21. The Government's human rights memorandum did not provide an analysis of the measures in the Bill that promote the right to independent living. However, while not referring to the right to independent living directly, the Government's Impact Assessment states:
    "The Bill is designed to help overturn traditional approaches to disability, and implement a social model approach. This is underpinned by approaches which seek to place greater power in the hands of all service users, including disabled people. This is exemplified in setting out rights for everyone to have a personal budget, as well as consolidating the law around disabled people being able to access direct payments. This will give people greater control over the services they use. In addition, the Bill places a duty on local authorities to ensure that in the future adults who use social care services (including disabled people) will have control over their day to day life."[39]

22. Whilst some of the measures contained in the Bill go some way to promote the right to independent living, there is no specific free-standing provision to protect and promote the right to independent living. We therefore wrote to the Government to request a fuller analysis as to which provisions of the Bill promote the right to independent living. We also asked the Government to explain why it decided not to give the right to independent living a free-standing statutory basis in the Bill, suggesting that the well-being principle, established under Clause 1, could include a reference to the right to independent living.[40]

23. The Government's response to us explained its view that the well-being principle is sufficient to give effect to the right to independent living under Article 19 of the Disabilities Convention. The Government highlighted that "the well-being principle relates to outcomes and areas of an individual's life such as: control by an individual over their day to day life; participation in work, education or training; and the individual's contribution to society."[41]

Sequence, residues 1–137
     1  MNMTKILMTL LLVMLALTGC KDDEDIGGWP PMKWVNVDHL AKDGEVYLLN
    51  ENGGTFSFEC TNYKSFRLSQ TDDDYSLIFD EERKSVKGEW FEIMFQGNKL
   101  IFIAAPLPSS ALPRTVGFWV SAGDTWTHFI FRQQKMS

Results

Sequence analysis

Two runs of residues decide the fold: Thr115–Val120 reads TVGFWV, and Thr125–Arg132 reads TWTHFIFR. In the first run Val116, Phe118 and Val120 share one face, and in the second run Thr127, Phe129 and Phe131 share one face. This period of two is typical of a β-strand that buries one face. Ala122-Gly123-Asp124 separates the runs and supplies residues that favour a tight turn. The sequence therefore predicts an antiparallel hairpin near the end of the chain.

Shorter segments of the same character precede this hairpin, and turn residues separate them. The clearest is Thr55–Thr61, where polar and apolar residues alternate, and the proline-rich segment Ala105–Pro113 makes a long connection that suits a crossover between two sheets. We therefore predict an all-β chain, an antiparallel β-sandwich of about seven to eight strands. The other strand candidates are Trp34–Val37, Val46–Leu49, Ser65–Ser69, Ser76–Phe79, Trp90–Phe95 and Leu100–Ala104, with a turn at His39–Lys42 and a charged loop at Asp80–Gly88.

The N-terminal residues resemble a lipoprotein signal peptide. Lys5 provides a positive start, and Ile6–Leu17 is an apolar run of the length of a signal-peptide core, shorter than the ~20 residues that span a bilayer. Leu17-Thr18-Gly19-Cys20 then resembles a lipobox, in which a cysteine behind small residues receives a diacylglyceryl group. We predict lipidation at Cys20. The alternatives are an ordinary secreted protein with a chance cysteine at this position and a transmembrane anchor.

24. The Government further explained that Clause 1 "requires local authorities to have regard to certain matters including: the importance of beginning with the assumption that an individual who receives care and support services is best-placed to judge their own well-being; the individual's views, wishes and feelings; and the importance of the individuals participating as fully as possible in any decisions made about them that relate to any care and support they might receive."[42]

25. In relation to Clause 1 of the Bill, the Government concluded that:

    "The principles and ideas which are central to the right to independent living as articulated in Article 19 are expressed in Clause 1 and consequently underpin Part 1 of this Bill"[43]

26. In addition to Clause 1 of the Bill, the Government set out the following provisions and explanations, which it believes promote independent living, autonomy and choice:

    "Clause 9(4)(b) Needs Assessments. A needs assessment must include an assessment of the outcomes that the adult wishes to achieve in day-to-day life.

    Clause 24(1)(c) Steps for local authority to take. The local authority must help the adult to decide how to have their needs met.

    Clause 25(3)(a) and (5) Care and Support plans. In preparing a care and support plan, the local authority must involve those adults receiving services; and in doing so, it must take all reasonable steps to reach agreement with the adult about how their needs should be met.

    Clause 30(1) Choice of Accommodation. Regulations may require a local authority to meet an individual's preference for specific accommodation. Conditions may be imposed in the regulations, for example, that the local authority is satisfied that the preferred care home is able to provide appropriate care and support to meet the person's needs.